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Saturday, February 2, 2019

OSCARS 2019: Green Book (2018)

Close your eyes and try to imagine the stereotypical Oscar bait. Maybe you see a sweeping historical story, about war or royalty. Maybe you see a punishing drama about tragedy or human struggle. Or, maybe, you see a deeply middlebrow drama full of broad performances that puts a deeply clumsy spin on American life in the not-so-distant past. You know the kind of movie I'm talking about. Folksy flicks like “Driving Miss Daisy” or “Forrest Gump.” You'd think, in our hyper-woke times, prestige flicks like this would be totally discredited. Yet Joe Movie-Goer still loves them and Academy voters are apparently included in that number, resulting in garbage like “The Help” or “The Blind Side” grabbing both nominations and awards. 2018's rendition of this old tune is “Green Book,” a movie that scored five Oscar nominations despite the fact I have yet to find an actual movie fan who likes it.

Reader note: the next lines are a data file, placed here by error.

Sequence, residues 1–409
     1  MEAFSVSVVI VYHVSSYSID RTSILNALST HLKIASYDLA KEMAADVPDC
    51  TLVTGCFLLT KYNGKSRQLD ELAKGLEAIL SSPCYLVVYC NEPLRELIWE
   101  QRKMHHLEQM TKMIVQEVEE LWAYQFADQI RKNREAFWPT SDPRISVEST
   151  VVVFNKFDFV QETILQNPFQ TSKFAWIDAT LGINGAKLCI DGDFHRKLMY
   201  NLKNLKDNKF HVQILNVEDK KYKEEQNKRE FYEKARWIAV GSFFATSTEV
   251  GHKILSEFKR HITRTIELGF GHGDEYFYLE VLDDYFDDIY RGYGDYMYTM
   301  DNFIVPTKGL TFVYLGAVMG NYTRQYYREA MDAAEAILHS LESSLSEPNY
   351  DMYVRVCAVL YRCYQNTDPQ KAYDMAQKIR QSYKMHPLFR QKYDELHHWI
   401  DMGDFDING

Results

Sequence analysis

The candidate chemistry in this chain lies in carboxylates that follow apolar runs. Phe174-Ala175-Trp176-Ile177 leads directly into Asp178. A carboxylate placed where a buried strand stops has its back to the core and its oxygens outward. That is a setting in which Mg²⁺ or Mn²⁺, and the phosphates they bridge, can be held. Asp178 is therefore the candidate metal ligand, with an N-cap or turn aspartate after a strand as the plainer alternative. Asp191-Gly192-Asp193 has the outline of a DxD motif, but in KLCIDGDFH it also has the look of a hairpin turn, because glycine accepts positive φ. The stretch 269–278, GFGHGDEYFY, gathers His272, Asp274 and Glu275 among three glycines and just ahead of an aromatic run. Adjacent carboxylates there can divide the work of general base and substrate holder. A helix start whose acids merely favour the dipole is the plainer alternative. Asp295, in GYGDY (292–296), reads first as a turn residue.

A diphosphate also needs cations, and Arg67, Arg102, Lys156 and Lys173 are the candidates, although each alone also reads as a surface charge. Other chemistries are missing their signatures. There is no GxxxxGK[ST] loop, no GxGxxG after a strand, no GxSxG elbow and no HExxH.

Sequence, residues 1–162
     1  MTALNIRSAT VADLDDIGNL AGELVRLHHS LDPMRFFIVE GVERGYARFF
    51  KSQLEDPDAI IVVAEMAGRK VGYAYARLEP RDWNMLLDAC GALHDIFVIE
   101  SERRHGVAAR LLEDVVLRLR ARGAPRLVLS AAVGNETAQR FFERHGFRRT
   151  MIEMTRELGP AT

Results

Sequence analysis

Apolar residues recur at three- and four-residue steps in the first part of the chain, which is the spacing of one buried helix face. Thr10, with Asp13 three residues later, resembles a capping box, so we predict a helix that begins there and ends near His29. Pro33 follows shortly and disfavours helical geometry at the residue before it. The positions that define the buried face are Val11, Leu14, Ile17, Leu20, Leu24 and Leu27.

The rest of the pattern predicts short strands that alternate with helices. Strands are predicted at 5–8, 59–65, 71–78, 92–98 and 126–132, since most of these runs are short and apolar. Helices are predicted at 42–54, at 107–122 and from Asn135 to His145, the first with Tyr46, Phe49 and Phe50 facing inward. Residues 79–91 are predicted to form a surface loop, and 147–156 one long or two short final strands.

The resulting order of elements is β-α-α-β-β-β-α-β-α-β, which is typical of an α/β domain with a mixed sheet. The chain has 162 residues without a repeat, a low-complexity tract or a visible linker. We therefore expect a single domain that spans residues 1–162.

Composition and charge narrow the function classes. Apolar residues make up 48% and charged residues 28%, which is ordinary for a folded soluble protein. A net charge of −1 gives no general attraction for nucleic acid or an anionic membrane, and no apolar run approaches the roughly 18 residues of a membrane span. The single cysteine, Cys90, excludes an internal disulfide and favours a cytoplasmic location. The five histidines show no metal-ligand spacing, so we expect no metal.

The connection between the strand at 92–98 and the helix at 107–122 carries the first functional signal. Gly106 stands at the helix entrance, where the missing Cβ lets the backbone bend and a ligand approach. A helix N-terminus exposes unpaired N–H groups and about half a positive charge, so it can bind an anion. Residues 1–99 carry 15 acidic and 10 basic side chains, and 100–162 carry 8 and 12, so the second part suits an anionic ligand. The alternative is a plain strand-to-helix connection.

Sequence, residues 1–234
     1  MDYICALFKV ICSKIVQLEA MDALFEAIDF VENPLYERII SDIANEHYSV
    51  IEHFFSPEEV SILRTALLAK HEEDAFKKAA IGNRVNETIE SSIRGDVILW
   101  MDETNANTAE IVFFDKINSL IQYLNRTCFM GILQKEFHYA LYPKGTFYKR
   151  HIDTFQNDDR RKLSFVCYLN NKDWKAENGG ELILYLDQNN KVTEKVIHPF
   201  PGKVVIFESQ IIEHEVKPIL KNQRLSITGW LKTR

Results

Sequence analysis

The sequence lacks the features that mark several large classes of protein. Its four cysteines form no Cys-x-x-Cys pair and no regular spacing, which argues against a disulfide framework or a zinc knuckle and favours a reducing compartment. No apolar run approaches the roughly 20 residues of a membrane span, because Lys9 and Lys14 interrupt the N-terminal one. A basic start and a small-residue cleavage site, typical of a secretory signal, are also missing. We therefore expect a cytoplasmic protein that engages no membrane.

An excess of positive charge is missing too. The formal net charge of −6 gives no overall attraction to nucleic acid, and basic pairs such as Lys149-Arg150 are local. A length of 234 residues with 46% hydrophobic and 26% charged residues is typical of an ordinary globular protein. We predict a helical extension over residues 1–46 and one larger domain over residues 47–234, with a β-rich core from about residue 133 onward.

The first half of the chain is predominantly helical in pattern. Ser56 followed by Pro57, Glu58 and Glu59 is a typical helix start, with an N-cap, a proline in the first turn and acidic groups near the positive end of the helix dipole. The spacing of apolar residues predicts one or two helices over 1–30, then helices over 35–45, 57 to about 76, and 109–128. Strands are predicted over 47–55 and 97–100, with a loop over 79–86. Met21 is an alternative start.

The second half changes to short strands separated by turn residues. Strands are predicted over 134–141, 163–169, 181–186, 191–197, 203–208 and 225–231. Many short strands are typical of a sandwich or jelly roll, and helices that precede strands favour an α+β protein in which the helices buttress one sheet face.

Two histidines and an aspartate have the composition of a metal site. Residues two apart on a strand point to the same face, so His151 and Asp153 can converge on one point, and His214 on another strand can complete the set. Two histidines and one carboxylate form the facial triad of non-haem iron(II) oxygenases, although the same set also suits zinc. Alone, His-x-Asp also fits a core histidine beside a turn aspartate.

The film was written by “Psycho Cop Returns” star and Islamophobe Nick Vallelonga, about his father, Frank “Tony Lip” Vallelonga. In the early 1960s, Tony is fired from his job at a night club following an altercation. In need of work, he interviews to be a driver for a “doctor.” That doctor turns out to be Don Shirley, a classical jazz pianist and a black man. Shirley is embarking on a tour of concert venues in the Deep South. Despite being a racist himself, and it meaning several months away from his family, Tony agrees to take the job. On their journey, Tony and Shirley become friends and encounter the struggles of the time.